Conflict of Interest at Dodgy Socialist Dam?

There is more from the Keystone Cops at the Hawkes Bay Regional Council.

Councillors on the Hawke’s Bay Regional Council’s investment company board could be replaced to resolve the perceived conflict of interest around the Ruataniwha Catchment proposal.

In politics perception is reality and the perception is the HBRC are a pack of clowns who have no control over their staff.

It could involve replacing two of the three councillors on the investment company board, or leaving the matter up to the next council when it’s voted in, following the October election.

A report by its interim chief executive Liz Lambert and corporate services manager Paul Drury said legal advice confirmed there was no actual conflict of interest for councillor-directors on the board at present. But earlier reports showed the issue was one of perception and predetermination around decisions to be made on the catchment proposal, which included the construction of a major dam. 

They already had to move their highly unpopular CE.

Earlier in the year, the regional council’s chief executive Andrew Newman had been transferred to work on the catchment proposal as the investment company’s managing director, removing any perception there was a conflict of interest in his role.

Socialists wanting to own the means of production are a relic from last century. Publicly funded water storage to allow 150 farmers to make money is corporate welfare at its worst. Farmers should remember how the reforms of the 80s unleashed New Zealand’s potential and not want to go back to the terrible days of subsidies.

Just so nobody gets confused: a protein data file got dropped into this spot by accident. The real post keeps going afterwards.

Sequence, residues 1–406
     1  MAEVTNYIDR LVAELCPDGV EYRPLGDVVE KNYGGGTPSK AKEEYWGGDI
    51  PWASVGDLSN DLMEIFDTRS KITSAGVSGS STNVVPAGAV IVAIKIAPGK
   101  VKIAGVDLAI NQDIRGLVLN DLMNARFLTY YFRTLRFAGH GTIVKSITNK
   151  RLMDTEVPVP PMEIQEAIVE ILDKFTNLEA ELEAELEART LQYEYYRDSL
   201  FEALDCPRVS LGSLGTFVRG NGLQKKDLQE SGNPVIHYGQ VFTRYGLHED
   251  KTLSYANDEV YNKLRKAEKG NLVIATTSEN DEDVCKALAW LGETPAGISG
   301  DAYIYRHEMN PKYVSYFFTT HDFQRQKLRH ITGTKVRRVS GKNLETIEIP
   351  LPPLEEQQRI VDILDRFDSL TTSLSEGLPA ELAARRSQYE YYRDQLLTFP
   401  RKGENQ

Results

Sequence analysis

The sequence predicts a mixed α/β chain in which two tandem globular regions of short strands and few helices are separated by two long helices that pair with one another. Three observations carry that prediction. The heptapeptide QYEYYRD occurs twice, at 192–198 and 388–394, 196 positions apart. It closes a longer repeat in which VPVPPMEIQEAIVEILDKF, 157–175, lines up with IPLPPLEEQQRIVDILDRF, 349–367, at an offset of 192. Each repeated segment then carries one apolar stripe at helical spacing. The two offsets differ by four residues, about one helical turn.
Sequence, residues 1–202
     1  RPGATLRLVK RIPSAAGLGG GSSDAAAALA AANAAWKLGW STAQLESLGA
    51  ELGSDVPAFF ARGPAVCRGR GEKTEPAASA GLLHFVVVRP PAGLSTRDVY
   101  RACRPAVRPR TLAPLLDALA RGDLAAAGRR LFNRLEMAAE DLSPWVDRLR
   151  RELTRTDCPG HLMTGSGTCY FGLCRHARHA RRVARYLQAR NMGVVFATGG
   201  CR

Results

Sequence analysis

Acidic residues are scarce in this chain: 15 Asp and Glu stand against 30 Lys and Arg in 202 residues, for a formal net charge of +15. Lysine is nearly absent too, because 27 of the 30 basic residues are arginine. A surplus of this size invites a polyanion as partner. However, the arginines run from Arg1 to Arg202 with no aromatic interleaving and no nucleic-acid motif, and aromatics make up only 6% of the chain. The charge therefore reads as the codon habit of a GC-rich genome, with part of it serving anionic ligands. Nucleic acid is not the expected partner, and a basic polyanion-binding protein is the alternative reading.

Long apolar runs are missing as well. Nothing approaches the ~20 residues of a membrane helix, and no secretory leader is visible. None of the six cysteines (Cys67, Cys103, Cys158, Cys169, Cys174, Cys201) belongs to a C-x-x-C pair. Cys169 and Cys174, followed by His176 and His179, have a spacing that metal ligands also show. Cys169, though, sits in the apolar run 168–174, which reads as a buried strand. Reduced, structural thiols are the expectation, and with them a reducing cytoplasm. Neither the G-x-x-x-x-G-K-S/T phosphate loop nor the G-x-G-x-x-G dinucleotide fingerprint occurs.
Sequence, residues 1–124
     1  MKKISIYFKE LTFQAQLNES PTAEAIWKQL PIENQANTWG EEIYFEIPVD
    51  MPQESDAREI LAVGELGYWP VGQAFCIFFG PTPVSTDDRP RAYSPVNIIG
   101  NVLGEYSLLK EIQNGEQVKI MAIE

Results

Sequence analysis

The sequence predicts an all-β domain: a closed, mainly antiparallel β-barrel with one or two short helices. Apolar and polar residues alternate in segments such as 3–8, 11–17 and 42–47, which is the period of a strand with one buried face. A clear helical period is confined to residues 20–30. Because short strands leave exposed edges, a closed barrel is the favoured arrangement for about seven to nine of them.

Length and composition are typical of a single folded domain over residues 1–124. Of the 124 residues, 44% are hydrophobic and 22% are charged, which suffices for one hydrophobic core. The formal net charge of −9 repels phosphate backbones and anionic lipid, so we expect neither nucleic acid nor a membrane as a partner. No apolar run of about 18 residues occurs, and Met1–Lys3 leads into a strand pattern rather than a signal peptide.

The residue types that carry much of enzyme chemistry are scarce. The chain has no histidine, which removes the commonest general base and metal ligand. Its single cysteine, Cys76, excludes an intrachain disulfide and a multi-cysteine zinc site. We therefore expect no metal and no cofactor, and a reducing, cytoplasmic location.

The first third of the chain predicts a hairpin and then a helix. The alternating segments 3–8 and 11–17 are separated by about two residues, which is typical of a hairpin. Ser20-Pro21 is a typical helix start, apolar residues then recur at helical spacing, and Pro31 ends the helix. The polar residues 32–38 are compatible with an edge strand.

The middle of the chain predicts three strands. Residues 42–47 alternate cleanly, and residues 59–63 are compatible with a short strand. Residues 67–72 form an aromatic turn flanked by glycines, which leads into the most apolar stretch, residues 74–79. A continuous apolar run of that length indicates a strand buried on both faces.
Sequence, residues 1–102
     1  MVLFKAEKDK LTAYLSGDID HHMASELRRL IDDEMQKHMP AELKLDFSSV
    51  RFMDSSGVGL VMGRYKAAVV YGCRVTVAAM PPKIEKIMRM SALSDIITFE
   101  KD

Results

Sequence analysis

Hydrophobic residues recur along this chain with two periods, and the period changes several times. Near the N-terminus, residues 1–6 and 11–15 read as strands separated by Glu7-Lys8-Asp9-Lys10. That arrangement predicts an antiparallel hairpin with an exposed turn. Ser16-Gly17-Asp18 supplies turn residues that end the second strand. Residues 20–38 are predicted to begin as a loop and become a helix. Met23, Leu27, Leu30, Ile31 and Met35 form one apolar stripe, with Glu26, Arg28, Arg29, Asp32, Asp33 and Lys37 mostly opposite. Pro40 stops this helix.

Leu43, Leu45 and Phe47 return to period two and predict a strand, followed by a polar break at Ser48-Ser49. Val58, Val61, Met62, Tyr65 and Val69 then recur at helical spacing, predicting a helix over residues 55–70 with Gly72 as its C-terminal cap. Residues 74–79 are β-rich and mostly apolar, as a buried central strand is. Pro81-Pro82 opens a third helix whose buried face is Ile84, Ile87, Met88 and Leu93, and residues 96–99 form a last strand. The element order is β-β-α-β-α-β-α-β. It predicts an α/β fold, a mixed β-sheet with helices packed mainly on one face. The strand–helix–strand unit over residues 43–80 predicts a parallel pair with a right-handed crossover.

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As much at home writing editorials as being the subject of them, Cam has won awards, including the Canon Media Award for his work on the Len Brown/Bevan Chuang story.  And when he’s not creating the news, he tends to be in it, with protagonists using the courts, media and social media to deliver financial as well as death threats.

They say that news is something that someone, somewhere, wants kept quiet.   Cam Slater doesn’t do quiet, and as a result he is a polarising, controversial but highly effective journalist that takes no prisoners.

He is fearless in his pursuit of a story.

Love him or loathe him.  But you can’t ignore him.